Now You See It, Now You Don’t

dripping with color, photograph

“A great photograph is a distillation, a reduction of the chaos of our wider experience to a visually satisfying essence where what is excluded is as important as what is included.”

David Ward

A characteristic of photography that makes it such a unique art form is that it starts by confronting what is essentially complete and continues by carefully choosing what to eliminate. The scene in front of you, whether a landscape, portrait or abstract, has all of the basic elements needed for your creation already there. What you need to do to get started is to decide what not to include in the final work.

The closest thing to this I can think of in other art forms is in sculpture, which often proceeds through a process of elimination. The stone is gradually chipped away, and what is left is the finished  art. But what is removed is nothing more than unrealized potential – simple stone. In photography what we eliminate is realized potential – it is real stuff that might be interesting to leave in. This makes it harder to get rid of because its presence often tempts us by its color, its interesting shape or some other unusual quality it possesses. We have to overcome the tendency to leave well enough alone.

It’s best to be ruthless when considering what shall remain. What is the picture about? Why are you taking it? What compelled you to stop and consider whether there was something worthwhile there? Anything that isn’t part of the answer must go.

And since these things are there to start with, it is a conscious decision to remove them rather than the quite different decision to simply not create them to begin with, as in painting, writing, music, etc. I don’t think one type of decision is any easier or harder than the other. I suspect that some people are more comfortable with one or the other and that may be what draws them to their artistic path.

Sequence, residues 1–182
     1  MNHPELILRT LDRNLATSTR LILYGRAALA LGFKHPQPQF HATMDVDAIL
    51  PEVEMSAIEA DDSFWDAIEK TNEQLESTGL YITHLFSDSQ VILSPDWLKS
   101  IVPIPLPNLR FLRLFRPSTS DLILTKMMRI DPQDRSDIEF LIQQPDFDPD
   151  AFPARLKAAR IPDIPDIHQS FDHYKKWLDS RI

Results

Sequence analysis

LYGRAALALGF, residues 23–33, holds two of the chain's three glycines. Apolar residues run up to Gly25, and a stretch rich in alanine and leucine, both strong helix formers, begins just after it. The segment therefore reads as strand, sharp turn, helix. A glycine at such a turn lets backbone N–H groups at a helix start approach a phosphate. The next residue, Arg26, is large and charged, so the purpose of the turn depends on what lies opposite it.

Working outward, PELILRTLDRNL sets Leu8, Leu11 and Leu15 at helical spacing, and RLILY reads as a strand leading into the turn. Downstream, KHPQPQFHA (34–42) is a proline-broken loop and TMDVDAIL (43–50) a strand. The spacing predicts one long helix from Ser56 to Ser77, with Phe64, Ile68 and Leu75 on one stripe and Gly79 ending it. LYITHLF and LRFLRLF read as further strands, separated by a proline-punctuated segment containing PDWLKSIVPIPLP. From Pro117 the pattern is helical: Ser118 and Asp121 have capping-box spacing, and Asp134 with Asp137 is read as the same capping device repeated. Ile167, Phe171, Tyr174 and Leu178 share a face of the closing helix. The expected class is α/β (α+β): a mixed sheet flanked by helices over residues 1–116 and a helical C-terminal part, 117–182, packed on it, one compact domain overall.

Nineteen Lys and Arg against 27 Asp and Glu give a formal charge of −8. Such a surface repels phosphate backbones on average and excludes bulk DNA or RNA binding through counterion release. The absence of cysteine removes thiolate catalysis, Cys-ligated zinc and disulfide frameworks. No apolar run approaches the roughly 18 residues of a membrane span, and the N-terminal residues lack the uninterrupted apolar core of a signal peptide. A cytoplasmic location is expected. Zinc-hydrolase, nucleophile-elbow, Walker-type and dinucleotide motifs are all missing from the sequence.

I just bought my son his first camera and he asked me for advice about taking pictures. My first suggestion was “get closer and then get closer still”….

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4 responses to “Now You See It, Now You Don’t

  1. Pingback: Merry Christmas! Happy Faces! « Susan’s Art and Sketchbook Blog

  2. Got here from your wifey’s daily sketch bookk. Just wanted to say I’d been here. Great Picture of that Apple. You’re probably famous, top selling, and me, I’m a visitor. Be Blessed!

  3. Yes, distilling an image down to its essence is probably the most important thing I’ve learned in my journey to understand what makes a strong image. That challenge got more difficult as decided to shoot the Hasselblad XPan with its wide angle of view. But a funny thing happened…. I realized the same principal applied. The more simple this wide angle shot was, the more it appealed to me. Good thoughts Bob. As for the image… yummy! I love the soft glow treatment, well done.

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